IRA Phaseouts: How Will They Affect My Retirement Savings?

By Dan Caplinger Markets Fool.com

IRAs are a great way to save for retirement and get helpful tax benefits. However, the IRS restricts your ability to use fully the tax breaks that IRAs offer if your modified adjusted gross income for tax purposes is above certain limits.

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IRA phaseout provisions apply in such situations to reduce the value of the tax benefits you can get, eventually eliminating them entirely for those with high enough incomes. Yet there are several different phaseout provisions depending on the type of IRA you use, your tax filing status, and whether you have access to a workplace retirement plan, and so it can be hard to understand how phaseouts work and what impact they have on your ability to use IRAs.

Below, you'll find a simple explanation of IRA phaseouts and how they might affect your retirement savings.


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Income limits when IRA phaseouts begin

The first thing you need to know about phaseouts is the modified adjusted gross income limits at which they take effect. Two sets of phaseout provisions apply to the two types of IRAs.

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For Roth IRAs, the MAGI range in which phaseouts apply are as follows:

Filing Status

Range of Phaseout in 2016

Range of Phaseout in 2017

Single or head of household

$117,000 to $132,000

$118,000 to $133,000

Married filing jointly

$184,000 to $194,000

$186,000 to $196,000

Married filing separately

$0 to $10,000

$0 to $10,000

Data source: IRS.

For traditional IRAs, MAGI limits apply only if you or your spouse has access to a retirement plan at work, such as a 401(k). If you have access to such a plan, then the phaseouts are as follows:

Filing Status

Range of Phaseout in 2016

Range of Phaseout in 2017

Single or head of household

$61,000 to $71,000

$62,000 to $72,000

Married filing jointly

$98,000 to $118,000

$99,000 to $119,000

Married filing separately

$0 to $10,000

$0 to $10,000

Data source: IRS.

On the other hand, if you don't have access to an employer plan but your spouse does, then these higher limits apply:

Filing Status

Range of Phaseout in 2016

Range of Phaseout in 2017

Married filing jointly

$184,000 to $194,000

$186,000 to $196,000

Married filing separately

$0 to $10,000

$0 to $10,000

Data source: IRS.

What exactly gets phased out?

Another source of confusion about phaseouts is that what you can or can't do differs depending on the type of IRA you use.

With a Roth IRA, the phaseout limits your ability to make contributions at all. If your MAGI is in the phaseout range, then you won't be able to contribute the full $5,500 amount for those under 50, or $6,500 for those 50 or older. The amount of the reduction is proportional to the amount of income above the lower phaseout limit compared to the width of the phaseout range.


Image source: Getty Images.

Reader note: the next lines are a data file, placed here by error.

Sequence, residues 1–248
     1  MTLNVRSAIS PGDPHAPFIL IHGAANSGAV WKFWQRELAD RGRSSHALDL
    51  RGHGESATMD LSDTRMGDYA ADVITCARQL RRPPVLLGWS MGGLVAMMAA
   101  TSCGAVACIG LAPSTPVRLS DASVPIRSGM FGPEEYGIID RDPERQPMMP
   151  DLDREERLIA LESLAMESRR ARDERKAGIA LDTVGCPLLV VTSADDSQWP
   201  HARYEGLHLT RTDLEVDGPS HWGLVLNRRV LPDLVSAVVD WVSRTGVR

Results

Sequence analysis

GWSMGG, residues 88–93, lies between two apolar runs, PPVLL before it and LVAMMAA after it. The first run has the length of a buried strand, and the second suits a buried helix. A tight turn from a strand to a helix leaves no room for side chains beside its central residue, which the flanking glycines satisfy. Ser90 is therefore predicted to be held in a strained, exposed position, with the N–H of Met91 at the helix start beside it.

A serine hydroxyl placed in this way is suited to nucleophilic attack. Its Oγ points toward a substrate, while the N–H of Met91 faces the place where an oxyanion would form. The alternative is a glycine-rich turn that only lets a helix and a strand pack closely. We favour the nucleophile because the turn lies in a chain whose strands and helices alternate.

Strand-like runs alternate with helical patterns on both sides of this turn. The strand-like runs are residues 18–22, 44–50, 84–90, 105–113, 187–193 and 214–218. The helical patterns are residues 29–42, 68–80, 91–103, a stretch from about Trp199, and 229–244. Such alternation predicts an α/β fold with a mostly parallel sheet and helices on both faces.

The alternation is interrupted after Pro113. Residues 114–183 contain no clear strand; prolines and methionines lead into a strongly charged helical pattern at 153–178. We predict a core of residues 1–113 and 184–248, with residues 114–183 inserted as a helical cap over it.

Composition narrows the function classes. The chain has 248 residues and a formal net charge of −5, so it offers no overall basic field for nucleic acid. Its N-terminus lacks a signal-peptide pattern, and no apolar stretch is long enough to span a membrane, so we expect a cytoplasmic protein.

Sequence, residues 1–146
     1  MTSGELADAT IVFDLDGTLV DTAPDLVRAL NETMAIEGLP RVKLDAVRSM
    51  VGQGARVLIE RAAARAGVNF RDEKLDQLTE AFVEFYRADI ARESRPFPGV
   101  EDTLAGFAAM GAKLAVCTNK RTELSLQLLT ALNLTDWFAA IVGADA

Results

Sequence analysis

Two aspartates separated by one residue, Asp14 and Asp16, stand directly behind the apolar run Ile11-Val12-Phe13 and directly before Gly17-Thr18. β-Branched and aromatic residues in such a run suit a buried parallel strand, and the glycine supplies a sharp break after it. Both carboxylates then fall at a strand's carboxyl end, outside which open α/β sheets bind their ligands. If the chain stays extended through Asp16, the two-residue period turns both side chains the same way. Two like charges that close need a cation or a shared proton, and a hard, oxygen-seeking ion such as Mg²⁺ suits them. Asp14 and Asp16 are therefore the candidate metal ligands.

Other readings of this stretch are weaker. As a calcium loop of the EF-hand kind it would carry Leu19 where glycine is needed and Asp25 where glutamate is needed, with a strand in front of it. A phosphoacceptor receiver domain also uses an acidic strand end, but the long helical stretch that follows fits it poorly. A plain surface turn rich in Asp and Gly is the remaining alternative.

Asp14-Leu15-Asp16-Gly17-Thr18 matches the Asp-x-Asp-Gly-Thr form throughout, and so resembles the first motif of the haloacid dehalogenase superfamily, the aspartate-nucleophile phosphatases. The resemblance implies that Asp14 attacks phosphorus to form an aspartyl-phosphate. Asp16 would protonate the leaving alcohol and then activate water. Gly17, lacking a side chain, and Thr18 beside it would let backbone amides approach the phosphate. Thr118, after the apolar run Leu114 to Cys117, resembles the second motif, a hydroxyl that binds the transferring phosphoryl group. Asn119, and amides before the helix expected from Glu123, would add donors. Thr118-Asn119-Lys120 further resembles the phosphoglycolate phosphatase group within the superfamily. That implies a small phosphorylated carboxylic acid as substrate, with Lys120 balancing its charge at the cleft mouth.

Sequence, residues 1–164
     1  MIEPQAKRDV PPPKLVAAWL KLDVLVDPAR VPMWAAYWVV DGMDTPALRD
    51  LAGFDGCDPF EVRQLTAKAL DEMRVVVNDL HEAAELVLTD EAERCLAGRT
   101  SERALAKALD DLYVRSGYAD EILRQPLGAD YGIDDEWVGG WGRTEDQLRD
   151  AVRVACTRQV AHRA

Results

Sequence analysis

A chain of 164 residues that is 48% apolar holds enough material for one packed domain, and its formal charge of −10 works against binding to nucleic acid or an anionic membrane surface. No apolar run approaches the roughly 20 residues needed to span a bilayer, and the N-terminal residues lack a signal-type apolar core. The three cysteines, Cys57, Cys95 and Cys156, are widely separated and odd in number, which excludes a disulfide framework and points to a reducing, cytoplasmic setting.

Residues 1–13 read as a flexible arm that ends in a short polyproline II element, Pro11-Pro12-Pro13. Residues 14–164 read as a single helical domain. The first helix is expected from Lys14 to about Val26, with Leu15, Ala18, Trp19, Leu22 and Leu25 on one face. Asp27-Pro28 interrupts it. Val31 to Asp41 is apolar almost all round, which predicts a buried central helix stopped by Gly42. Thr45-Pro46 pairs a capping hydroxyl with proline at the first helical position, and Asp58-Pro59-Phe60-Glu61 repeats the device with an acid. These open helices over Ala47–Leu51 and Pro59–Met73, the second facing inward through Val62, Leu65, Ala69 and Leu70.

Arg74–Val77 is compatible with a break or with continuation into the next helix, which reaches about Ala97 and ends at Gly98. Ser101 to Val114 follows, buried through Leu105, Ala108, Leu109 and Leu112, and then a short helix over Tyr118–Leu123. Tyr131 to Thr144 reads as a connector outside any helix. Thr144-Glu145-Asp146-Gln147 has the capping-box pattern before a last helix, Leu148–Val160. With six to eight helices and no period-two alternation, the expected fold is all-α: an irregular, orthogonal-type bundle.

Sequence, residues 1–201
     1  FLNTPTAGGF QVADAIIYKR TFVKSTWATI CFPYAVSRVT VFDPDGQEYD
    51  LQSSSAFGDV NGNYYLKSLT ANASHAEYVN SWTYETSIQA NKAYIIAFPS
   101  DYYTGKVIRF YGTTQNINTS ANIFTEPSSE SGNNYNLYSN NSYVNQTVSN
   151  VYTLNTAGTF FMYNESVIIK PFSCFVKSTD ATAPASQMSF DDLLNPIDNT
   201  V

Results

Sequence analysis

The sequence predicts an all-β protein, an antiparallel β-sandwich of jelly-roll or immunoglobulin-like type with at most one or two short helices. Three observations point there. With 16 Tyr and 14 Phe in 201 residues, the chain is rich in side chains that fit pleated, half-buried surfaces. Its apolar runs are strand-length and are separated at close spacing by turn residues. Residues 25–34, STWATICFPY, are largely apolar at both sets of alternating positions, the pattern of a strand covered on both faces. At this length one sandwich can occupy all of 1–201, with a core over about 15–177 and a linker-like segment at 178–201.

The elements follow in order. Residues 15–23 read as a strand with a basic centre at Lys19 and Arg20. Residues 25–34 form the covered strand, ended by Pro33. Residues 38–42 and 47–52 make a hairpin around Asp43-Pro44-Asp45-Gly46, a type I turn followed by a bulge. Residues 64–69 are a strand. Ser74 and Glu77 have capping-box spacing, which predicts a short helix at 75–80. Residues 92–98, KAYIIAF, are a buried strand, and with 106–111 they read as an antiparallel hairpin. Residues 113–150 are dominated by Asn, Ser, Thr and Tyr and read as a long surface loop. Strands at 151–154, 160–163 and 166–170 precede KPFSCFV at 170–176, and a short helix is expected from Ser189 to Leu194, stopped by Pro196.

An example can help clarify. Say you're age 55 and married filing jointly with MAGI of $188,000 in 2016. You want to contribute the maximum possible amount to a Roth. To determine the phaseout impact, take $188,000 and subtract the lower phaseout limit of $184,000 to get $4,000. Next, compare that to the range between the upper and lower ends of the phaseout band, which in this case is $10,000. Because $4,000 divided by $10,000 is 40%, your $6,500 maximum contribution will be reduced by 40%. You'll therefore be able to contribute only $3,900 to a Roth IRA.

For traditional IRAs, the phaseout does not limit your ability to contribute, but it does stop you from deducting the full amount. The same calculation method applies.

Again, let's take a similar situation involving a 55-year-old who is married filing jointly with MAGI of $110,000 in 2016 and has access to a retirement plan at work. To calculate the phaseout, take $110,000 minus the lower limit of $98,000 to get $12,000, and then compare it to the width of the phaseout band, which is $20,000 -- $12,000 divided by $20,000 gives 60%. As a result, the maximum deduction will be reduced by 60%, giving you a maximum deduction of just $2,600.

A couple last things to keep in mind

Note that in the case of traditional IRA phaseouts, nothing stops you from making the full available contribution. You just won't necessarily be able to deduct all of it. In the example above, if you put in anywhere from $2,601 to $6,500, the excess above $2,600 will be treated as a nondeductible IRA contribution.

Also, it's tempting to think that you could contribute to a Roth up to the maximum and then simply use the rest to contribute to a traditional IRA. However, the worksheet allowing a phased-out Roth requires you to reduce the permitted Roth contribution by the amount put into other traditional IRAs.

Phaseout provisions are tricky, and it can be tough to keep all the IRA phaseouts straight. However, knowing how phaseouts work will let you take maximum advantage of IRAs even if you have a high income.

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